Inundated by YouTube clips of entertaining animals like the elephant cleaning itself with a broom and Joey the trick ferret, I can't help but think of celebrated animals in America's past: Trigger the horse, the many porpoises named Flipper and, last but not leashed, the superdogs who portrayed Lassie and Rin Tin Tin.
Those are some of the ones we have seen on the Internet and TV. But before there was mass media, Americans marveled at other amazing animals — on stage, in circus rings, in courtrooms, in everyday life.
These days animals rights proponents decry maltreatment — leading to more humane decisions, such as the elimination of elephant acts by Ringling Bros., as recently reported by USA Today. For now, the circus "will continue to showcase, horses, dogs, tigers and other animals in its performances."
But no matter what happens, we will always be able to marvel at the menagerie of past entertainers.
- Like A Trained Zoo. Super showmen Barnum & Bailey staged a spectacular reenactment in 1892 on the 400th anniversary of Christopher Columbus's arrival in the New World. On their one-day stop in St. Paul in August, they advertised in the local paper: Trained cats, dogs, pigs, geese, storks, goats, sheep, monkeys, bears, lions, tigers, hyenas, panthers, leopards, wolves, zebras, deer, horses, ponies and elephants. In another show, a few years later, they featured xylophone-playing pigs.
- The Dog and Monkey Hotel. Around the turn of the 20th century, a show promoter from Flint, Mich., carried a traveling show from state fair to state fair. It featured the Don Carlos Dog and Monkey Hotel. Newspapers from Kentucky to Oklahoma to Texas raved about the spectacle. "A miniature hotel on the stage is operated entirely by monkeys and dogs," the Eastern Utah Advocate reported on Aug. 28, 1913, "and romances and disagreements with police interference and the ultimate removal to jail and the trial of all wonderfully enacted and the audience is sent into spasms of laughter by the antics of the educated animals." The hotel "is the cutest and funniest show travelling," noted the Indian Journal of Aufala Oklahoma. "The best poodle dogs and monkeys ... run a hotel. It is an act for women and children as well as men." In Texas, the El Paso Herald reported, the dog and monkey show was paired with an educated horse performance. The horse, Red Riding Hood, "spells, adds, waits table, tells ages, gets mail and assumes wonderful poses on the instant of the command and without a perceptible cue."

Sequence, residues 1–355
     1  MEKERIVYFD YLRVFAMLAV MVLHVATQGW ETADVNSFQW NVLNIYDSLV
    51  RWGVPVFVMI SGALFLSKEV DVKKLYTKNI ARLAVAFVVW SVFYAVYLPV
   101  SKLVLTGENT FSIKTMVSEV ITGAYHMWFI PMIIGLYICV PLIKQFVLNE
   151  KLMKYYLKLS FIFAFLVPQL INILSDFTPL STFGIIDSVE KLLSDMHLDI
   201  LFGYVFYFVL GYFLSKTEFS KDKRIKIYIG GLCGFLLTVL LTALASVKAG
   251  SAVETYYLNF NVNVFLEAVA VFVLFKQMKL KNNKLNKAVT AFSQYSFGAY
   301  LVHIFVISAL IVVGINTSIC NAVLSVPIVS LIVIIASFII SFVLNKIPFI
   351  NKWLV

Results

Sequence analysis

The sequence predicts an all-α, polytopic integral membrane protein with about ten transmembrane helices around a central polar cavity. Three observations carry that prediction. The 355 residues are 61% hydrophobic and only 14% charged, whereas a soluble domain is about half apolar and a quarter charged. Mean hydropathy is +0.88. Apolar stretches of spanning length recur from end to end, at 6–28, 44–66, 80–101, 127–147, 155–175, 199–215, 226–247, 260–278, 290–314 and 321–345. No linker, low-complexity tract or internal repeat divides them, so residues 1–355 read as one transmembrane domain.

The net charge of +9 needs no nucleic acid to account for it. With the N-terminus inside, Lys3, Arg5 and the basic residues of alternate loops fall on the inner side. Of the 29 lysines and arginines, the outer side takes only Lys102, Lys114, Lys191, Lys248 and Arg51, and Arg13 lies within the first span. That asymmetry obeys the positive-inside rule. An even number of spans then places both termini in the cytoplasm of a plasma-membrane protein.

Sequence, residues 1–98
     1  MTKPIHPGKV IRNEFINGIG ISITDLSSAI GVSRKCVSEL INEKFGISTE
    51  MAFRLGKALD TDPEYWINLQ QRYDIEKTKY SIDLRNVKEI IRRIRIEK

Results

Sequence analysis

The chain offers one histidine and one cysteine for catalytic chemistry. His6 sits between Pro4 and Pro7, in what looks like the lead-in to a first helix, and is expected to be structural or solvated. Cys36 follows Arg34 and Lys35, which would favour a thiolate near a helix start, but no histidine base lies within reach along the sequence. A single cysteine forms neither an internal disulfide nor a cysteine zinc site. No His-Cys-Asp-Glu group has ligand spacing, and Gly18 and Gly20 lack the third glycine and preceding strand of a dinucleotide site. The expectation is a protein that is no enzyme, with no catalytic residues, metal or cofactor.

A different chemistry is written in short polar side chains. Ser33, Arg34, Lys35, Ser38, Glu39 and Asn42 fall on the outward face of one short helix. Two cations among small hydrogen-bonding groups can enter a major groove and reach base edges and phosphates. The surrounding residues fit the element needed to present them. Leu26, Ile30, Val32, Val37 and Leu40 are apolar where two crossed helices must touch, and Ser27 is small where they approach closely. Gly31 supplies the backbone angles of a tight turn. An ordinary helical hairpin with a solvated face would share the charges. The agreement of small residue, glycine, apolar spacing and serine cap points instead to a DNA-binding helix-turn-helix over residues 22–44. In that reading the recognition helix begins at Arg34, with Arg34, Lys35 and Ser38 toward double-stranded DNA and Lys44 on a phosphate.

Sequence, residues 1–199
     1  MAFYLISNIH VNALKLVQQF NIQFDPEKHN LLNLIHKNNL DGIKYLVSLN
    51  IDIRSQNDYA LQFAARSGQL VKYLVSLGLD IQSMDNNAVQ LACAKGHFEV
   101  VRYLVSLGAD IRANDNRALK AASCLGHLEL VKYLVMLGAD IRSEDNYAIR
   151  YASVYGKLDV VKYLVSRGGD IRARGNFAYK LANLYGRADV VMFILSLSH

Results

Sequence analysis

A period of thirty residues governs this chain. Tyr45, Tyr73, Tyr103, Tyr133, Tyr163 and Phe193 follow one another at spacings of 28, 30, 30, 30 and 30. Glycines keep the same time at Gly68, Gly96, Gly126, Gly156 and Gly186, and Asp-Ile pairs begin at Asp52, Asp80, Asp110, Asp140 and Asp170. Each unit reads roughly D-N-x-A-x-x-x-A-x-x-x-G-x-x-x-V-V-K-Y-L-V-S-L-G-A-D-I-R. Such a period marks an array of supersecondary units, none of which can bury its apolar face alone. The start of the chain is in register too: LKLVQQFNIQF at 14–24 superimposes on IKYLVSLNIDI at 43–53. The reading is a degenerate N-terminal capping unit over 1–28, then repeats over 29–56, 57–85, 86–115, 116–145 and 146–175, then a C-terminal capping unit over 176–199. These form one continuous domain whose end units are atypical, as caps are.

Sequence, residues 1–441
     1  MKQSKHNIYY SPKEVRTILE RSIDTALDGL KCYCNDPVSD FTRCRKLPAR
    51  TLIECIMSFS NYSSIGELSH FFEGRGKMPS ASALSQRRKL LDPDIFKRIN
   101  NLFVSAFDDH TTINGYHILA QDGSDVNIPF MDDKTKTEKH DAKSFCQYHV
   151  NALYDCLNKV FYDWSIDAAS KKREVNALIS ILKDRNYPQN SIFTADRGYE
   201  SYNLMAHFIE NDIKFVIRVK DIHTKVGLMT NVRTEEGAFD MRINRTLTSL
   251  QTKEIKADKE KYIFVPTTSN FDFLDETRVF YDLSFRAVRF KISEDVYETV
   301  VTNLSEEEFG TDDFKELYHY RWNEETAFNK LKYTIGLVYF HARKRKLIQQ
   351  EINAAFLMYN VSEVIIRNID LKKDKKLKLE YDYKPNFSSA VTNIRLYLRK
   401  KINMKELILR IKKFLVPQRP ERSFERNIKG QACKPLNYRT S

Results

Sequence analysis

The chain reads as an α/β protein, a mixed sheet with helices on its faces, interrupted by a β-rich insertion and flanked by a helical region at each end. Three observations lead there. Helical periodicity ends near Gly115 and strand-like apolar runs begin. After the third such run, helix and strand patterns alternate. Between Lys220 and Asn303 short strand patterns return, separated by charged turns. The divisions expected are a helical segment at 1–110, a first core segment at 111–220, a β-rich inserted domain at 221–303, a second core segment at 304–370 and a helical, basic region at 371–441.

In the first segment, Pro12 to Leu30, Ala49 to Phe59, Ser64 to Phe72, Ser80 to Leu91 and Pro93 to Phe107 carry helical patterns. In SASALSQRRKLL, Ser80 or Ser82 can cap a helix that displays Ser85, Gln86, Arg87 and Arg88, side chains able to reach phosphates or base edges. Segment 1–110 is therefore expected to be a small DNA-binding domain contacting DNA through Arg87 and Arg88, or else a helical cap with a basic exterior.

- The Great Dane Case. In the spring of 1915, Edward McBirney, an electrician in New York filed suit against lumber dealer John Paganucci, claiming that Paganucci had stolen McBirney's supersmart Great Dane, Beauty. The judge was having trouble knowing who was telling the truth until McBirney brought his daughter into the room and Beauty responded with affection. Paganucci was not aware that Beauty — who had appeared in stage performances and even movies — could do tricks. "At the direction of McBirney," the Brooklyn Daily Eagle noted, Beauty "shook hands, played dead and said his prayers like a highly moral and religious pup." Beauty's ability to testify on his own – and his owner's — behalf, ensured return to the proper home.
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